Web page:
Listen, if you want to help us enter scores for that league just email me and I’ll add you to the list of “updaters”

    @Question, about the big game weirdness: One of the things I did to make the program faster (see above) was change how I compute big games. Instead of re running the sim for each of tomorrows game outcomes I just keep track of each outcome’s effect during the main sim run. This could make the weirdness go away (because all the calcs are based off the same pythag team strength numbers). We will see. Keep letting me know what you find.

  272. Unknown Says:

    It would be kind of cool if the odds of winning of both teams were shown for the next game (thinking about NHL)

    thanks, i love that stuff

  273. Ken Roberts Says:

    @Unknown, I think that is a great idea. I’ll add that. Thanks

  274. Max Says:

    Thank you! Your work is highly appreciated!!

  275. Question Says:

    Well, looking at the next few games it seems to have fixed the numbers. For this week anyway.

  276. Unknown Says:

    I wonder, what kind of hardware are you using? How much time does it require to do the simluations and how many simulations do you do each day (generally) ?


  277. Ken Roberts Says:

    @Question, cool, thanks for looking.

    @Unknown, the program runs on my home PC, an Intel Q6600 (2.4GHz, 4 cores). The 50/50 and weighted versions run in parallel. Last night the NHL took 28 minutes to tally 10 million seasons, about 6 thousand a second. It took 8 hours to run 100 million seasons for the NFL, about 3500 a second. The NFL tie breaking code is much slower than the NHL’s.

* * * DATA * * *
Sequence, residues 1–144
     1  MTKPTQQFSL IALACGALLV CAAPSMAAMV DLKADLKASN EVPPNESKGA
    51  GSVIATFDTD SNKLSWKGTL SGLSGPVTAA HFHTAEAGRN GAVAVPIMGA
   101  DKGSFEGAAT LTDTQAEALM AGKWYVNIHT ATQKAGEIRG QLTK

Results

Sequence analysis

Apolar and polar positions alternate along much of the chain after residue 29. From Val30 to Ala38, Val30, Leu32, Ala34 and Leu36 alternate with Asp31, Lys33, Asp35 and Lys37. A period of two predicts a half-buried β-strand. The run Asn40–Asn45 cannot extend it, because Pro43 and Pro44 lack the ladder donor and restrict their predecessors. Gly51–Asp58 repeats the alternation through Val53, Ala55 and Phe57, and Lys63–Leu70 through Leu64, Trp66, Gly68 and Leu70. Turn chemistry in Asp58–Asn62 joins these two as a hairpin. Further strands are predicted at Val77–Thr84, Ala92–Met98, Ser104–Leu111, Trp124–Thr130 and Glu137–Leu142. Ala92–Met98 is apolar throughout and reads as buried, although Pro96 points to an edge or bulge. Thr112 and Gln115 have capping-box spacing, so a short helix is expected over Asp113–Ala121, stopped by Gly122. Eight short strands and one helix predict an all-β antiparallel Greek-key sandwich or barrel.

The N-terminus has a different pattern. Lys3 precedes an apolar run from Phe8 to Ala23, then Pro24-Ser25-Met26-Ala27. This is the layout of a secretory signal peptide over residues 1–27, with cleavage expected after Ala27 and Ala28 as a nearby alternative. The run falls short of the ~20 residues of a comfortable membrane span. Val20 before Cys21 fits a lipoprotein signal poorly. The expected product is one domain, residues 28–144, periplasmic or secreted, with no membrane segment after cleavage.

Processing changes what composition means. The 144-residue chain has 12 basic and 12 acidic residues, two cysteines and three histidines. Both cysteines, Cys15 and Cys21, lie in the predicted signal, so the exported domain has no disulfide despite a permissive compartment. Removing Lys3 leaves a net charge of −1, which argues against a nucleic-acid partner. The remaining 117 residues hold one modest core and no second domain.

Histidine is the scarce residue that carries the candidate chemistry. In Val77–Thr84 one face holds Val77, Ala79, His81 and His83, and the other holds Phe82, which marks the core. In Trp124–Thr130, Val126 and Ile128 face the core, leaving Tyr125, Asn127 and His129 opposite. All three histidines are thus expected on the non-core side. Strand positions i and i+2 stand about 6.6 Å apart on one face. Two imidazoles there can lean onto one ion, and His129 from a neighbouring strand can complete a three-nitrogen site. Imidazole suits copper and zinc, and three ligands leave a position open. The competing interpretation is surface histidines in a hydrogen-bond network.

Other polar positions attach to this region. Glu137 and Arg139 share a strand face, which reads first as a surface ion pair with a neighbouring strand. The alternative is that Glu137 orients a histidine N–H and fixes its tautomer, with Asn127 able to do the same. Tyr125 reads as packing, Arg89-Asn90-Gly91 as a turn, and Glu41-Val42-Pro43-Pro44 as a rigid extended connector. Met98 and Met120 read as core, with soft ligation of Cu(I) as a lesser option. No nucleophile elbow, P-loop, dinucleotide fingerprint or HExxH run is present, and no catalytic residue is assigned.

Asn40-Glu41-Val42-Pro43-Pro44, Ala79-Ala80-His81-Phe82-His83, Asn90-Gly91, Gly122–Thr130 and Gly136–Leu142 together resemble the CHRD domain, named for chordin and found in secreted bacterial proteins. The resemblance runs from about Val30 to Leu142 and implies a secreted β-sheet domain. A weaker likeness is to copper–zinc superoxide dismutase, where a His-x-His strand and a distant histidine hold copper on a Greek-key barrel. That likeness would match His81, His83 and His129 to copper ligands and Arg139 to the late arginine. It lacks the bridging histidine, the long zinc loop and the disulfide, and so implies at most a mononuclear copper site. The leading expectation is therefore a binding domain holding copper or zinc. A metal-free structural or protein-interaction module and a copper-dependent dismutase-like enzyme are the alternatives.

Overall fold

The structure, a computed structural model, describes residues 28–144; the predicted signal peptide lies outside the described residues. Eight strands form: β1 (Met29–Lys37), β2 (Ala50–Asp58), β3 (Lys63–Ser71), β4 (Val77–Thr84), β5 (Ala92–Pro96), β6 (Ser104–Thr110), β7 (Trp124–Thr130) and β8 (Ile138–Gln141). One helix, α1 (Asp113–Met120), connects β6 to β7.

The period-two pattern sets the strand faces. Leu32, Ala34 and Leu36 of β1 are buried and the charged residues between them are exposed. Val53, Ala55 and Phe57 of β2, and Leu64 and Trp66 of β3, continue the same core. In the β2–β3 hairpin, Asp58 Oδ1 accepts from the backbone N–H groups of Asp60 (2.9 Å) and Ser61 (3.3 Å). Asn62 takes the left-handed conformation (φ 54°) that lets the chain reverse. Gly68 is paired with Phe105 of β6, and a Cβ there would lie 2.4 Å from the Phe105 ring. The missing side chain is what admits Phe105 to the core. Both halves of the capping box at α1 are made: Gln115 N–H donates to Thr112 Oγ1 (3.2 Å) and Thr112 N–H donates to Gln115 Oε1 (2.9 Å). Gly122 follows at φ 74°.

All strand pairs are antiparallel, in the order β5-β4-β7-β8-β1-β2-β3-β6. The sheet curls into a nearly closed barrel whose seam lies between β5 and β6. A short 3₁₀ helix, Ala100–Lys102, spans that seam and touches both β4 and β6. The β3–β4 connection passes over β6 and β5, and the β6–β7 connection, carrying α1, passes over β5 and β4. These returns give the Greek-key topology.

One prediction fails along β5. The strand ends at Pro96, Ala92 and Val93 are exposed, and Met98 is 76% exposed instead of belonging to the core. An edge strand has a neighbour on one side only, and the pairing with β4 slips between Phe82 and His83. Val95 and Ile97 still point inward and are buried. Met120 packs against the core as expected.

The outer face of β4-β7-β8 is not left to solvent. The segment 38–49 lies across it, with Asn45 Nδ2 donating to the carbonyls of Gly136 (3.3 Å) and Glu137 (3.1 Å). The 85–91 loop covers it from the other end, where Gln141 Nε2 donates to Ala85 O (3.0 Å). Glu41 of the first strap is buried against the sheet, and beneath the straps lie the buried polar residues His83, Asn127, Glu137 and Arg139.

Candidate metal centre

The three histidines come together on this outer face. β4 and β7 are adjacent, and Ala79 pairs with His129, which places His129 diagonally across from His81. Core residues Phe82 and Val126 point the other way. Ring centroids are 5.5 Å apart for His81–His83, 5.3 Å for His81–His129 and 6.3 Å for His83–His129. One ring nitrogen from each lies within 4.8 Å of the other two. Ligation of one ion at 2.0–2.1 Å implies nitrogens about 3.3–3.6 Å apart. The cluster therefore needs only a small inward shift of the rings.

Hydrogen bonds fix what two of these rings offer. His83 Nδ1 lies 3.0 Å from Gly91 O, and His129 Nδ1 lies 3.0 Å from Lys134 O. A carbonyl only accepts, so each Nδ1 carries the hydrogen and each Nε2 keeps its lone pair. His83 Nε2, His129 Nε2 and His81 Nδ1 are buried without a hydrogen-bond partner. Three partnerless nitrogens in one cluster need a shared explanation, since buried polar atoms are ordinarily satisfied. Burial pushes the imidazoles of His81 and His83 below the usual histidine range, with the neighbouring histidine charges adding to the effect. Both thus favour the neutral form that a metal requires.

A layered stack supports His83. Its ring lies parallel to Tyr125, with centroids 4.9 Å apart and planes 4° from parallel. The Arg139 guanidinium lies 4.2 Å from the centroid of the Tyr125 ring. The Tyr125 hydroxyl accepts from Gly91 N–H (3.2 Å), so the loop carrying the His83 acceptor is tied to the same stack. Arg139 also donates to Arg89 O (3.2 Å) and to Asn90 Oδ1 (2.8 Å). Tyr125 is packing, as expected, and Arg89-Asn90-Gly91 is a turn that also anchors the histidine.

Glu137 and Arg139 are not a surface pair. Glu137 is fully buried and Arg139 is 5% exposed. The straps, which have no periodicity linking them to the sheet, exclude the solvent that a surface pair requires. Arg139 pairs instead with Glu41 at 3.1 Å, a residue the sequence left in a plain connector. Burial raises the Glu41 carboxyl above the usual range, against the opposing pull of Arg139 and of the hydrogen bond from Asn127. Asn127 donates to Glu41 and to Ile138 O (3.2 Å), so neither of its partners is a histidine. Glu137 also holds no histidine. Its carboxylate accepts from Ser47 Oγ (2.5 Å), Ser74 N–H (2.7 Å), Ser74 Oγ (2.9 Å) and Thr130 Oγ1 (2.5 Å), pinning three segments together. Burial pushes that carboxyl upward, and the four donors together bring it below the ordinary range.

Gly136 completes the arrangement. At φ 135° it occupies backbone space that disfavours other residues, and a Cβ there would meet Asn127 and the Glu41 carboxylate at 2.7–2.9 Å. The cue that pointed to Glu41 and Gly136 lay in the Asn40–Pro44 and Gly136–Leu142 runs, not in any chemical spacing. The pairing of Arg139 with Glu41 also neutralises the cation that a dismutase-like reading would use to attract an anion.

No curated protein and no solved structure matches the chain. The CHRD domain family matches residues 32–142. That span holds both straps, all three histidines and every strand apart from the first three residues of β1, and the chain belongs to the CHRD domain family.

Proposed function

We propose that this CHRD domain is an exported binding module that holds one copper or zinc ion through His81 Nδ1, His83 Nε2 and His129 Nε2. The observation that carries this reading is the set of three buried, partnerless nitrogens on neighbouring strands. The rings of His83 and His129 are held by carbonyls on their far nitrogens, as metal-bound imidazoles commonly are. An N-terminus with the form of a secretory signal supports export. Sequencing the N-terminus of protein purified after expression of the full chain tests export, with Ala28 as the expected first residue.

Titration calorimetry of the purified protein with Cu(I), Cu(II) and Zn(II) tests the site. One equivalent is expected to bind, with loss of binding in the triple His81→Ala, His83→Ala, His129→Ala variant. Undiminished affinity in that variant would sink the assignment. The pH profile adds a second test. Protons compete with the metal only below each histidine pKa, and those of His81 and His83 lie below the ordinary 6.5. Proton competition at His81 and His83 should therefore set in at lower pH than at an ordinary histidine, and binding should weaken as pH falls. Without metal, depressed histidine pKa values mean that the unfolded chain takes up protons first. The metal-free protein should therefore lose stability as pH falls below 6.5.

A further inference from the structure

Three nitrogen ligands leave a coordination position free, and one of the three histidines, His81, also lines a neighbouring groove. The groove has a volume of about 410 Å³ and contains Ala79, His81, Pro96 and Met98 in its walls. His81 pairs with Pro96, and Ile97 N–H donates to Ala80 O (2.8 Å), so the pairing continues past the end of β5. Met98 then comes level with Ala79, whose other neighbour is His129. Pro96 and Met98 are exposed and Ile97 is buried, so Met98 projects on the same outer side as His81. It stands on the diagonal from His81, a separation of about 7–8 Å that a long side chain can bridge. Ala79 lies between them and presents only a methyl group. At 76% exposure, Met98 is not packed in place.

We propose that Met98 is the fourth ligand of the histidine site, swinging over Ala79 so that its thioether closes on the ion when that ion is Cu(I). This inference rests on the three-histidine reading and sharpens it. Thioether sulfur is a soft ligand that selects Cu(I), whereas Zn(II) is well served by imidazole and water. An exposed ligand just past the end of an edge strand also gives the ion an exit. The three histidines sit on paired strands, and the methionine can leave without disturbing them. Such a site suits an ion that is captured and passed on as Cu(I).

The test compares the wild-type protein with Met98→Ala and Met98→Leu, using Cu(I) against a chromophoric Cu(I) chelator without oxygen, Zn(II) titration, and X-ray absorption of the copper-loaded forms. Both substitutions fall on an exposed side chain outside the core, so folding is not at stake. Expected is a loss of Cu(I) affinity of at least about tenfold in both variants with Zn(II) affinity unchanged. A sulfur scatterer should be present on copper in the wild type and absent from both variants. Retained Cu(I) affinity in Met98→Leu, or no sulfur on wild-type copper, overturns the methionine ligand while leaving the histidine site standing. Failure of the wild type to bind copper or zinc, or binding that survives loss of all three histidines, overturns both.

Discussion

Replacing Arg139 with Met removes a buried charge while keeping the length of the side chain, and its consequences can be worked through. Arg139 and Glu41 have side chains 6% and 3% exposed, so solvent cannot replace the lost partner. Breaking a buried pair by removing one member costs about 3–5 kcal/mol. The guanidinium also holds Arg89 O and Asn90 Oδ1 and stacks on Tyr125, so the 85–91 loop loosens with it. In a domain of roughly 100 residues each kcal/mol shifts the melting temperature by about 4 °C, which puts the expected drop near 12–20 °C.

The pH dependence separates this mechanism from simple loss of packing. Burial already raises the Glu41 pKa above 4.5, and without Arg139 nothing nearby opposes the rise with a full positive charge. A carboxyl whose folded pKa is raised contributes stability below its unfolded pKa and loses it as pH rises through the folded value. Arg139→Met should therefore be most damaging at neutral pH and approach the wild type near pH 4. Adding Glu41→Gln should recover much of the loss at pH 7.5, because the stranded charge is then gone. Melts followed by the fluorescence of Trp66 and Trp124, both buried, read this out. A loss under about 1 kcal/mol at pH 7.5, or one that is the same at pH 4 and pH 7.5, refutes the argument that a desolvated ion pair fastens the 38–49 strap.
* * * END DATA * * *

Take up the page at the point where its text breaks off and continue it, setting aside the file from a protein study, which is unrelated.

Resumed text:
There are 70ish leagues, but most do not have new results on any particular day.
    A short while back I rewrote the “big games” logic and that made everything maybe 4 times faster, so I’ve had time to run each league multiple times a day.

    I can still use my pc when all this is going on because the sim runs at a lower operating system priority. That’s a fancy way of saying “Windows, make sure my web surfing gets all the CPU cycles it needs, the sim can wait. I have to see this You Tube vid now, dammit!

  278. Bug Says:

    Hey man love the site. Recently I’ve noticed a bug where the graph for “Chance of Making the Playoffs is messed up, at least for the NHL. If you just look at this graph before clicking it:, it looks like the Capitals have had less and less of a chance of making the playoffs (thought they’ve recently had a 6-game win streak and lead the league in points.) Upon going full screen however it says they have a ~100% chance. Problem exists on both the 50/50 and weighted methods.